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THE ECCENTRICITIES OF BULLETS.

At the battle of Peach Orchard when McLlellan was making his chang< of base, a Michigan infantry-man fel to the ground as if shot down stone dead, and was left lying in a heap a< the regiment changed position. The ball that hit him first struck the barrel of his gun, glanced and struck a button of his coat, tore the watch out of his pocket, and then struck the man just over the heart, and was stopped there by a song-book in his shirt pocket. He was unconscious for three quarters of an hour, and it was a full month before the black and blue spot disappeared. At Pittsburg Landing, a member of the 12th Michigan Regiment of Infantry stopped to give a wounded man a drink from his canteen. While in the act a bullet, aimed at his breast, struck the canteen, turned aside, passed through the body of a man and buried itself in the leg t)f a horse. The canteen was split open, and dropped to the ground in halves. At the second battle of Bull Run, as a New York infantryman was passing his plug of tobacco to his comrade, a bullet struck the plug, glanced off, and buried itself in a knapsack. The tobacco was rolled up like a ball of shavings and carried ioo feet away. Directly in the line of the bullet was the head of a lieutenant and had not the bullet been deflected, he would certainly have received it. As he had both his eyes filled with tobacco dust, he had to be led to the rear. At Brandy Station battle was a trooper who had suffered several days with a toothache. In a hand to hand fight he received a pistol ball in his right cheek. It knocked out his aching double tooth and passed

out of the left-hand corner of his mouth, taking along a part of an upper tooth. The joy of being rid of the toothache was so great, that the trooper could not be made to go to the rear to have his wound dressed. An object however trifling will turn the bullet from its true course. This was shown one day at the remount camp in Pleasant Valley. They had a “ bull-pen ” there, in which about 500 bounty jumpers and other hard cases were under guard. Once in a while one of these men would make a break for liberty. Every sentinel in position would open fire, and it did not matter in the least if the man ran towards the crowded camp. On this occasion the prisoner made for the camp, and as many as six sh6ts were fired at him without effect. One of the bullets entered the tent of a captain in the Twelfth Pennslyvania cavalry. He was lying down, and the course of the bullet—would have buried it in his chest. Fortunately for him a candle by which he was reading sat on a stand between him and where the bullet entered. This was struck and cut square in two, and the lighted end dropped to the floor without being snuffed out. The ball.was deflected, and buried in the pillow under the officer’s head, passed out of that and through his tent into the one behind it, passed between two men and brought up against a camp kettle. There is in Detroit, Mich., a man who was wounded five times in ten minutes, at Fair Oaks. The first bullet entered his left arm; the second gave him a scalp wound ; the third hit him in the foot; and the fourth buried itself in his shoulder; the fifth entered his right leg. While he was being carried to the rear the first two men who took him were killed. While his wounds were being dressed, an exploded shell almost buried him under an avalanche of dirt, In being removed further to the rear a runaway ambulance horse carried him half a mile and dumped him out, and yef he is seemingly hale and hearty, and walks without a limp.—Phrenological Journal.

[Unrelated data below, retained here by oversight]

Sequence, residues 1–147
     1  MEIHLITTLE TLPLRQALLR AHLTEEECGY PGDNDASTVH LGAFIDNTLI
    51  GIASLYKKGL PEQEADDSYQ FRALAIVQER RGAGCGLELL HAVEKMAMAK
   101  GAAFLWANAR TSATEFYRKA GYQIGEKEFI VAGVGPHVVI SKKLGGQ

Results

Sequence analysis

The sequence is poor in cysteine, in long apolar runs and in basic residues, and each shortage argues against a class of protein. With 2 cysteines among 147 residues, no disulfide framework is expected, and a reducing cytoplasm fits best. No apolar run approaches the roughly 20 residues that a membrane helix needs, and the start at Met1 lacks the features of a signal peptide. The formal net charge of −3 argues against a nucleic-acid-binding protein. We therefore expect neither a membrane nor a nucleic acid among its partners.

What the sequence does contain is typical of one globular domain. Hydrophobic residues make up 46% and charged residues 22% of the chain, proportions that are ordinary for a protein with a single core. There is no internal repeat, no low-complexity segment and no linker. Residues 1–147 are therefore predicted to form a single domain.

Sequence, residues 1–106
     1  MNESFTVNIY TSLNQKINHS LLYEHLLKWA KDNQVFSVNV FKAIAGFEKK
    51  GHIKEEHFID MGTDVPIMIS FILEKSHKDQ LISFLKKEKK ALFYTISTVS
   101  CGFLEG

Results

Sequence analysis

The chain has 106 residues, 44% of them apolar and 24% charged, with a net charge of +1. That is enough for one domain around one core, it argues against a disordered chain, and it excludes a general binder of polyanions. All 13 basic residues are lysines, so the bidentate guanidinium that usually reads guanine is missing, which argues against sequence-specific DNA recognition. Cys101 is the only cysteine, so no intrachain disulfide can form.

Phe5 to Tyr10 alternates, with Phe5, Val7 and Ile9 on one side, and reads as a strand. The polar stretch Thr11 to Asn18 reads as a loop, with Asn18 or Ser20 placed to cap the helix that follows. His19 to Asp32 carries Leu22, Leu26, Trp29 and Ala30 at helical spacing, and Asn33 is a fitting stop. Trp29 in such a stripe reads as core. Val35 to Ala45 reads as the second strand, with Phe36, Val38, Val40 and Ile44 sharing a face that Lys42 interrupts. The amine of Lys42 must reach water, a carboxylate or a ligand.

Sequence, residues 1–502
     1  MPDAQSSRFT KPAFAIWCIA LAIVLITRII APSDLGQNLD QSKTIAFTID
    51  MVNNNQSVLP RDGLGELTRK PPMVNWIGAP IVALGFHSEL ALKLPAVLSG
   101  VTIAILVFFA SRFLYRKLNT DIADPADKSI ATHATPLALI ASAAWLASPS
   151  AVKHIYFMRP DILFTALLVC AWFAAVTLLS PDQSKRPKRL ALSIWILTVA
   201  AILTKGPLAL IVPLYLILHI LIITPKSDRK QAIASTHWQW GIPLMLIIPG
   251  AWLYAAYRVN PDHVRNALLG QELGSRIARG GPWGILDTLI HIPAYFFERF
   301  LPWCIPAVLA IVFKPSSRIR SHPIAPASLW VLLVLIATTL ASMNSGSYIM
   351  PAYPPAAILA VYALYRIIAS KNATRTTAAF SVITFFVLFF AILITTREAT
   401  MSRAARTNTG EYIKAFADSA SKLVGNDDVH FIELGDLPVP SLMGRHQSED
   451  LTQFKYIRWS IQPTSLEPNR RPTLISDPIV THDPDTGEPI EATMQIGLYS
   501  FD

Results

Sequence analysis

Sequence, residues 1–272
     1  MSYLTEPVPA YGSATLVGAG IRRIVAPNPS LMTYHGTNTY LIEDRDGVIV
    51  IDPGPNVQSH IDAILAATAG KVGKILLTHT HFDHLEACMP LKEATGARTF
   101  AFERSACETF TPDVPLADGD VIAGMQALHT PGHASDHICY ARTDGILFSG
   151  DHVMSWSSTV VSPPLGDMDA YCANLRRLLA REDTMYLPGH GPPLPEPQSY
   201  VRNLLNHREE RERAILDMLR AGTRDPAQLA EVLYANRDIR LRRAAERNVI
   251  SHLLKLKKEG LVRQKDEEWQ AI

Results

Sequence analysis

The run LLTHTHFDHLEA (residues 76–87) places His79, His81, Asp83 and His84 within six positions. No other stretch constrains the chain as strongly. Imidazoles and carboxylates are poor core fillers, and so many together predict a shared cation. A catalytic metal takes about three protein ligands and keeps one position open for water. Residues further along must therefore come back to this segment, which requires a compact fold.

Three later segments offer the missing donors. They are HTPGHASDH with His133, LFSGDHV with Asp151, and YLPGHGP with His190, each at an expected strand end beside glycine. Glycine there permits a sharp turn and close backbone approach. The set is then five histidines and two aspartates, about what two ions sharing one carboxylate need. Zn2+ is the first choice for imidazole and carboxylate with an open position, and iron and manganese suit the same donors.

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http://paperspast.natlib.govt.nz/newspapers/AG18820512.2.15

Bibliographic details

THE ECCENTRICITIES OF BULLETS., Ashburton Guardian, Volume III, Issue 634, 12 May 1882

Word Count
683

THE ECCENTRICITIES OF BULLETS. Ashburton Guardian, Volume III, Issue 634, 12 May 1882

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